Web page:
Here is HNK's post now:

hnk's blog: Talking about me...

Stop Killing Us. You are them. I am Liminal. Hear me roar.

But it would be best to listen to Iraqis inside Iraq roar first.

I haven't felt much like blogging lately because of a number of reasons. The situation is developing so I don't want to follow certain things up until matters are conclusive with regard to my family. All I'll say now is that there is a butt-load of money involved and some unsavory characters that do not get an ounce of my sympathy. Unfortunately, the mayhem that has enveloped Iraqi cities was for-the-most-part instigated by Fallujan nightmare II or is it III now?...and added to the list of those who cannot garner a smidgin' of my ameable nature are many of the American military commander Barbarians that are destroying parts of Iraq with cluster bombs like these. I am convinced they knew this violence would spread and that they do not want elections. Iraqi elections, as I said on the Iraqi Agora a long long time ago, threatens America. The real war is just starting. And these assholes are licking their lips to purge the CIA, the State Department, and other intelligence agencies of sentient beings or people of more "moderate" views that do not agree with the way Bush Inc. are neo-conning the world into their evil plans for the region at large. For the lack of a better term...isn't that a quasi-fascist thing to do? Oh, but liberating people by ripping apart their babies bodies in a hail storm of cluster bombs isn't? So forget the quasi...to quote the sex pistols,

God save the queen [or Prez]
The fascist regime
They made you a moron
Potential H-bomb

God save the queen [or Prez]
She [He] aint no human being
There is no future
In England's [America's] dreaming

Anyway, I'd like to offer this site as something to divert your attention to while Iraq goes up in flames because of the foolish behaviour of the mayors of Baghdad, the American administration, and proxy-ruler supreme negroponte. I might put up other interesting sites that might help accomplish this tremendous feat of experiencing pleasure while knowing so much wrong is being done. But I'll see.

And when you know the world's future may be passed on to the Terminator. I say, put a tutu on him and see how he operates before changing the constitution for the expressed purpose of this. I'm all for the change, but I don't want to see Arnold as the next Reagan nightmare. (Seen on the streets of Berlin)

Other questions:

-Where is Sistani?
-Why isn't he objecting forcefully to this massacre and spreading of violence? Maybe I'm missing something, so somebody please fill me in if I'm incorrect.
-What would you do if somebody invaded your country? invaded your home? killed your grandfather? kidnapped your cousin? all in the name of liberating you from ...from what? from even more death? Because American tanks and weaponry are not leaving Iraq anytime soon. And true liberation will only come when this happens.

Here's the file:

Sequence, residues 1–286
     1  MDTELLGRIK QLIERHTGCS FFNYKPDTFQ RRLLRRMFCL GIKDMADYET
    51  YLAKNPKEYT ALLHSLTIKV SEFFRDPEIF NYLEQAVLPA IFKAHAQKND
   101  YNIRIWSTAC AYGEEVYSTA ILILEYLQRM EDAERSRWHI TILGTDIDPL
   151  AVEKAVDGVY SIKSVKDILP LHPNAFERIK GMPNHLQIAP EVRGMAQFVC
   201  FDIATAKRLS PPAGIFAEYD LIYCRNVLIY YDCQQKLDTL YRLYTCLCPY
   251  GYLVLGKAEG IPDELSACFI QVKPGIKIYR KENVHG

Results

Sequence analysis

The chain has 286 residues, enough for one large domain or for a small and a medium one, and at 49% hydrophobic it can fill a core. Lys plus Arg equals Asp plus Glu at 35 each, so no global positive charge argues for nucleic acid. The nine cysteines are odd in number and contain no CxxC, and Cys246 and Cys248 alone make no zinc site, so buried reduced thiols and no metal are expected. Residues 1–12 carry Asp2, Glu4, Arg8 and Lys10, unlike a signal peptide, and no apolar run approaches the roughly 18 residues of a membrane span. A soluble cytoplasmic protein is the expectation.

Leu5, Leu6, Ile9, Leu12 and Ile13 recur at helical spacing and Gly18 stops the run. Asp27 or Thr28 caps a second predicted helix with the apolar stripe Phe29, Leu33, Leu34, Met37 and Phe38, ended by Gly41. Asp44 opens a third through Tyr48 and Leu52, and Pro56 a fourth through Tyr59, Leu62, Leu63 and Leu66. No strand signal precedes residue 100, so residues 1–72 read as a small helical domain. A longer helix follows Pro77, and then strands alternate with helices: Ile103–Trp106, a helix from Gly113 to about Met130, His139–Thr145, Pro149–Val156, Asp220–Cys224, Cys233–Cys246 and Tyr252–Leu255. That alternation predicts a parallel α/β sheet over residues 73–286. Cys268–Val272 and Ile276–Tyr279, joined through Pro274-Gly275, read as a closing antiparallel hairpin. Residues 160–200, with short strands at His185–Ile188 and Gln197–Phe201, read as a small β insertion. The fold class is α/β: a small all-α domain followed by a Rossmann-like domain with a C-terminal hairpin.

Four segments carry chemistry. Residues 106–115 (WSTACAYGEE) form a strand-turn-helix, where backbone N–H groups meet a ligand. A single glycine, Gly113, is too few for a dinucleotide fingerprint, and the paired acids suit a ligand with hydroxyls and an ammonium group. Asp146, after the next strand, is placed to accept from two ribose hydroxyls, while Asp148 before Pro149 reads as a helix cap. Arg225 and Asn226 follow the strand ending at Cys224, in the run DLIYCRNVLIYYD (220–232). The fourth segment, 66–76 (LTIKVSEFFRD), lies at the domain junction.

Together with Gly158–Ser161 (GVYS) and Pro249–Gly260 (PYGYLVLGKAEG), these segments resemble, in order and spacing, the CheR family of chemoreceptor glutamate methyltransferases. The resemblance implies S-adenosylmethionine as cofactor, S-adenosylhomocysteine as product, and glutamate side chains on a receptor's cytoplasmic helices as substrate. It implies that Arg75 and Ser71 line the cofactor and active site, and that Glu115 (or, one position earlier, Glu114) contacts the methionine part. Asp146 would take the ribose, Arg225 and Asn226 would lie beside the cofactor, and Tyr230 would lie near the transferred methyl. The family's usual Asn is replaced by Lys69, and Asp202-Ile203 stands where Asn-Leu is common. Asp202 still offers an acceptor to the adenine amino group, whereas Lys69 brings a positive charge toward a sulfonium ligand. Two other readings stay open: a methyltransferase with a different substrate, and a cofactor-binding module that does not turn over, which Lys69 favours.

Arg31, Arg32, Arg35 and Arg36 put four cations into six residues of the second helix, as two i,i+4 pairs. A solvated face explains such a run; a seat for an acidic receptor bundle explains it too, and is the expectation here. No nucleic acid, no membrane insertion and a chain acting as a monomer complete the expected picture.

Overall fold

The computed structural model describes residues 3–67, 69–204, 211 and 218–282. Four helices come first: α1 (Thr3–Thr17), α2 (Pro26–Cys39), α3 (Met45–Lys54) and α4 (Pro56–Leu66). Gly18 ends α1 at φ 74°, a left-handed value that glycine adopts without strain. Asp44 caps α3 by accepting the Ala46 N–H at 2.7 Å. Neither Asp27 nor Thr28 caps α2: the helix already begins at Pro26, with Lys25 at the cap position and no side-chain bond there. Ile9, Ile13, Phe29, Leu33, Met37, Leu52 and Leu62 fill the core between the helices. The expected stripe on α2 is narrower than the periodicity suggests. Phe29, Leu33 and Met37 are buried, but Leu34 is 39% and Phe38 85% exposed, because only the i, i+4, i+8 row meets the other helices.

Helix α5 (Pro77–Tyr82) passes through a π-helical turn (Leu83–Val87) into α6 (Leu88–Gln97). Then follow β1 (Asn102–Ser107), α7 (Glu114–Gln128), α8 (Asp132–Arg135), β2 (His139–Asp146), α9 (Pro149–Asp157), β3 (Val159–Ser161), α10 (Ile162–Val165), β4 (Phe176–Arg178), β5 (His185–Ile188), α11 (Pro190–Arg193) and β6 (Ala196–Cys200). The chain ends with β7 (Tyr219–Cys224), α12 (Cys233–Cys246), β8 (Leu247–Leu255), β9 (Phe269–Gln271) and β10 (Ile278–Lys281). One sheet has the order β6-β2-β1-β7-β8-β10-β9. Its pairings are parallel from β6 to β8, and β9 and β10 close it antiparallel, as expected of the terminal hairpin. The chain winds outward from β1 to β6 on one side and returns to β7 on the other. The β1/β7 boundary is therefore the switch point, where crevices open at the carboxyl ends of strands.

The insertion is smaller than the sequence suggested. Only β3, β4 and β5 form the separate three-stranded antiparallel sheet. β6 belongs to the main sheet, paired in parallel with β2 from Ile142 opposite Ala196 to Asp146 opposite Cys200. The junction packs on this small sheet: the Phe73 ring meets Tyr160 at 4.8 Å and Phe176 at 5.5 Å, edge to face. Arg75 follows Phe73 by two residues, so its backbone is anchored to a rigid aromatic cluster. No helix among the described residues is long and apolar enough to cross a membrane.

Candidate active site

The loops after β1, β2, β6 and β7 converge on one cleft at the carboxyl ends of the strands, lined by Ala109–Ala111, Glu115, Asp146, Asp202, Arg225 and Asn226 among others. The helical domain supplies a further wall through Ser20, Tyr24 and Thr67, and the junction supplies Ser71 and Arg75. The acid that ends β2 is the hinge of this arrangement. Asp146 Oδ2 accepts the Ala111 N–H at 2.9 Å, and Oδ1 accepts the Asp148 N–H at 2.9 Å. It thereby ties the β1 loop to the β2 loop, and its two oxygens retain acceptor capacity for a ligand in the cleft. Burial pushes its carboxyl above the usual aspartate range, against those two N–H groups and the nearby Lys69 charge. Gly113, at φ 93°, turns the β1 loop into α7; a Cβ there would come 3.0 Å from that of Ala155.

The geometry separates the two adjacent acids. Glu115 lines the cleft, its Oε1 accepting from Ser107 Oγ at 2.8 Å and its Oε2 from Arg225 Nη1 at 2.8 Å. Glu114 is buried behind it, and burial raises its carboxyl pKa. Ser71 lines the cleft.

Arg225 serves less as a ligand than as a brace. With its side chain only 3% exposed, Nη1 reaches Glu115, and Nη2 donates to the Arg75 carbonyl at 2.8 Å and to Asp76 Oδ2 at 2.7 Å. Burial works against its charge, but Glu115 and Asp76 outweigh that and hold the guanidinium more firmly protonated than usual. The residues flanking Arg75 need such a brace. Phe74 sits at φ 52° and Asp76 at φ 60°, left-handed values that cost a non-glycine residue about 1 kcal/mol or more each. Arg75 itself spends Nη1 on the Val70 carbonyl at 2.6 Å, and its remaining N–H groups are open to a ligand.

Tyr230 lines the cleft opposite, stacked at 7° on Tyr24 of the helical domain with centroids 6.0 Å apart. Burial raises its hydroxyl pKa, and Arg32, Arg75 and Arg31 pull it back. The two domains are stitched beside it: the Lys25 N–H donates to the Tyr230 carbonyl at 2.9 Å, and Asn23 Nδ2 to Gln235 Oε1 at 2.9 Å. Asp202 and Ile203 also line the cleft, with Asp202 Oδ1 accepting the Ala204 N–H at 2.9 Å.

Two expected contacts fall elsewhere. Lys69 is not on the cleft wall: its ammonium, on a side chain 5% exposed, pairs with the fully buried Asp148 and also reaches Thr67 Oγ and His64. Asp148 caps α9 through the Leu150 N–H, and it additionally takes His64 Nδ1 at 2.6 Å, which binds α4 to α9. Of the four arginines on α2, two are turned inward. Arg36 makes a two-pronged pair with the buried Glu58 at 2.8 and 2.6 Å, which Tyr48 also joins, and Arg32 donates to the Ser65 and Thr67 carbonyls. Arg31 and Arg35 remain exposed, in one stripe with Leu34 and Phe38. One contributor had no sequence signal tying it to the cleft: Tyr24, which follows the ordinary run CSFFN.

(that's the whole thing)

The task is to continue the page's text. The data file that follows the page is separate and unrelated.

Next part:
hasta la pasta, al-kaka la pantalone, re-electum a robot and dark human matter i'd rather put in somebody's rectum to hide from the world through rabid constipation...but not my rectum, thank you.

your meta-pocket-of-resistance,


Representative Poetry On-line: Version 3.0

Catch Iraq, It's Falling


My cousin was kidnapped

I don't feel in the least bit inhibited to speak about this incident. I plan on doing so soon, but things are too hectic now. People need to know about these things to understand how difficult life in Iraq has gotten. The violence is spreading. It would be fair to say that I'm terrified at this point. BTW, Raed is doing a spectacular job at keeping up with events going on, so visit his blog. Not to mention the wonderful project the Jarrars are coordinating. Please donate to this effort. You can find out more about it at Raed's or Khalid's.

I have to run now.


No more excuses

Yasser Arafat dies

Yasir Arafat dead?

What is going on?

Fadhil Badrani in Fallujah: 'Watching tragedy engulf my city'

I am surrounded by thick black smoke and the smell of burning oil. There was a big explosion a few minutes ago and now I can hear gunfire. A US armoured vehicle has been parked on the street outside my house in the centre of the city. From my window, I can see US soldiers moving around on foot near it. They tried to go from house to house but they kept coming under fire. Now they are firing back at the houses, at anything that moves. It is war on the streets. The American troops look like they have given up trying to go into buildings for now and are just trying to control the main roads. I am sitting here on my own, watching tragedy engulf my city.

'Watching tragedy engulf my city'

Meandering mind keeps me up at night

This blog is meant to serve cathartic purposes. After being so silent about so much that was so bothersome, I began blogging because of the inspiration Salam, Riverbend, then Zeyad gave me. Now, because I've had a cold during the past 4-5 days due to little rest and too much work to do...I think I've gone a little over-board. Things have been both incredibly fresh and exciting & horrible and terrifying at the same time. The hot and cold of it and constant travels have worn me thin. Recently morose off of an excruciating election result, Falloojah, and more family stresses...I'm forgetting what I have right in front of my face.